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“The Cookbook Book: Why Books and Benchmarks Matter” a Panel Discussion at NYU, October 25th

October 9, 2012
N-63, 2012-13

Video: “The Cookbook Book: Why Books and Benchmarks Matter,” a panel discussion.

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Celebrating the publication of 101 Classic Cookbooks 501 Classic Recipes, edited by Marvin J. Taylor and Clark Wolf

New York University’s Fales Library and Special Collections, the home of the nation’s largest collection in food studies, is celebrating the publication of its first cookbook anthology: 101 Classic Cookbooks 501 Classic Recipes, edited by Marvin J. Taylor and Clark Wolf (Rizzoli New York) with a panel discussion, entitled “The Cookbook Book: Why Books and Benchmarks Matter.”

“Cookbooks are, of course—in addition to providing recipes—one of the most important places to go to see how a culture thinks about its food,” said Taylor, director of Fales Library and Special Collections.  “In these cookbooks, we see Americans forging a new cuisine, while preserving the best of American foods.  They applied French culinary techniques, returned to the best, organic, local produce and meats, and borrowed new ingredients and new techniques from the entire world’s foods.  A new American palate was born,” Taylor said.

The panel discussion, moderated by Wolf, host of the Fales Library’s “Critical Topics in Food Series,” through the lens of 101 Classic Cookbooks, will look at a uniquely American food history as it is inscribed in the cookbooks which shaped our collective culinary experiences in the past century.

The discussion takes place on Thursday, October 25, 2012 from 4:00-6:00 p.m. at NYU’s  Hemmerdinger Hall, Silver Center, 100 Washington Square East, NYC. [Subways A,C,E, B,D,M to West 4th Street; 6 line to Astor Place; R train to 8th Street.].

For the General Public--Suggested donation: $10; RSVP to: with your name and title/date of the event.  For more information the public may call Kristin Raymond 212-998-6964 or via email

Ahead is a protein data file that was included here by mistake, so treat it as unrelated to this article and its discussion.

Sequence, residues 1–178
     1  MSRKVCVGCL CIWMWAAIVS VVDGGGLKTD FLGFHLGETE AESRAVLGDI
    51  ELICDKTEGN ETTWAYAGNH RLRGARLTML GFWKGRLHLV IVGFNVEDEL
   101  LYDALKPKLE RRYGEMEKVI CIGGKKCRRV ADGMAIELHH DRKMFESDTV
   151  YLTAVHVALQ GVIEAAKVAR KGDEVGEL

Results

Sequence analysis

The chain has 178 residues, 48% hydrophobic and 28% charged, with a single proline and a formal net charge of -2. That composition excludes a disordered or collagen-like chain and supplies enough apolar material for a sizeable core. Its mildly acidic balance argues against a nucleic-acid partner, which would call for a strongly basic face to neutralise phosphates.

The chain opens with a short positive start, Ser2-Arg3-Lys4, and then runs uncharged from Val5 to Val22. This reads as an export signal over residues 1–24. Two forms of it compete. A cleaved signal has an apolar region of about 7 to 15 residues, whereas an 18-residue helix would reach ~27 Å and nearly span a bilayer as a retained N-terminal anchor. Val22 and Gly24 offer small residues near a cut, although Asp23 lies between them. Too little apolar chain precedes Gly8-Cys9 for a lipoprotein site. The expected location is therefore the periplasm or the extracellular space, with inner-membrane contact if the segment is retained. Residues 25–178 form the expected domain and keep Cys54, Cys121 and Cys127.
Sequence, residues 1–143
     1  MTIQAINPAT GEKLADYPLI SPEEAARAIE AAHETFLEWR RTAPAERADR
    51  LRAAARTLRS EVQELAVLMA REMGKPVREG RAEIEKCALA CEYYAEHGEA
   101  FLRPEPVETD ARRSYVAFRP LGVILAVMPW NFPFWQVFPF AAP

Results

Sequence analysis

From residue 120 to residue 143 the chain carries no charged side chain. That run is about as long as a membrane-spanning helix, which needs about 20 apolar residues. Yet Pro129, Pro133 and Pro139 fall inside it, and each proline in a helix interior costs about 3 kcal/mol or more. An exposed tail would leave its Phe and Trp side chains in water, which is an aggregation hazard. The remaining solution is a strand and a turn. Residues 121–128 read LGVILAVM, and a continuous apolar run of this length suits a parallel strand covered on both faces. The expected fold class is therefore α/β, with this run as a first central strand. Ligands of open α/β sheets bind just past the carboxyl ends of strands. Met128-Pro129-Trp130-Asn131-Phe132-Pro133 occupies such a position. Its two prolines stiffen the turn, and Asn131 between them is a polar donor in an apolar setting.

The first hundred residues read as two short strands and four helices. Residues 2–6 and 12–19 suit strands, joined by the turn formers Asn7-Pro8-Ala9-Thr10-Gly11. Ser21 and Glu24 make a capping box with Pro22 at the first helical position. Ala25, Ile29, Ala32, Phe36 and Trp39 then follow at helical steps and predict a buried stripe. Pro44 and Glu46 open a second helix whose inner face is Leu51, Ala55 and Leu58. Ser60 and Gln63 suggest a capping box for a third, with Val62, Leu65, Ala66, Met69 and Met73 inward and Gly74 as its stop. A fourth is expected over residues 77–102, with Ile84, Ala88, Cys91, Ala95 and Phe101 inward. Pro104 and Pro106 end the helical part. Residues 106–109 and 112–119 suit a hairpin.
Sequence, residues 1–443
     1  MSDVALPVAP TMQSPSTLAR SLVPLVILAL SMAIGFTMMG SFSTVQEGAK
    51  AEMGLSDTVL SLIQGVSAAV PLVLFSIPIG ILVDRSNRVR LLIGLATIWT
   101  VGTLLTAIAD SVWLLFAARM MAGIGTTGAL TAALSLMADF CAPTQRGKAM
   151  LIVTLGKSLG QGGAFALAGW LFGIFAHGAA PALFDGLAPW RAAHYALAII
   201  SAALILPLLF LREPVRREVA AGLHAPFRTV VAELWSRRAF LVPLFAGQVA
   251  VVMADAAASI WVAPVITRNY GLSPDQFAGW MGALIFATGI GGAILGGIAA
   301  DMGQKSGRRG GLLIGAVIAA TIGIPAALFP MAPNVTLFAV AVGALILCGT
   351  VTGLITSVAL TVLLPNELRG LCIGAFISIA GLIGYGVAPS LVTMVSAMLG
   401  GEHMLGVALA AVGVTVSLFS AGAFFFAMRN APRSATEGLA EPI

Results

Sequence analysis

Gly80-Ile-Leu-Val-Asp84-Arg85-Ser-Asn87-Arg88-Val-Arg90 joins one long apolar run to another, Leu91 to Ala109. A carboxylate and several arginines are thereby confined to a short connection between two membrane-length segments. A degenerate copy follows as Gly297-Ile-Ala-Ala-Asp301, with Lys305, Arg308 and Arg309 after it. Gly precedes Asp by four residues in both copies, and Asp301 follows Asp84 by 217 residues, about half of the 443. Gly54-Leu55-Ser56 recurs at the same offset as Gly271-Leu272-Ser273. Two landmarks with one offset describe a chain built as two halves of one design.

The panelists, all contributors to the 101 Classic Cookbooks book are:

  • Mark Bittman Food Journalist & Writer
  • Marian Burros Food Writer & Columnist
  • Madhur Jaffrey, cookbook author & food writer
  • Marvin J. Taylor, Director of Fales Library and Special Collections;
  • Host: Clark Wolf, food and restaurant consultant.  Wolf has more than thirty years of experience in the food industry and is founder and President of Clark Wolf Company, a New York-based food and restaurant consulting firm.

A reception and book signing will follow immediately after the discussion.  101 Classic Cookbooks 501 Recipes be available for purchase at the event.  The reception will feature tastes from some of the next generation of great food purveyors of New York City including such legendary families as the Lobels (5th generation butchers), Todaro Brothers (est 1917, now headed by Peter Todaro), ALC by Lou Coluccio (newly opened in Bay Ridge), BienCuit (fine bakers of Smith Street, Brooklyn) and others.

MEDIA ONLY:  Reporters interested in covering or attending the event must contact Christopher James at 212-998-6876 or email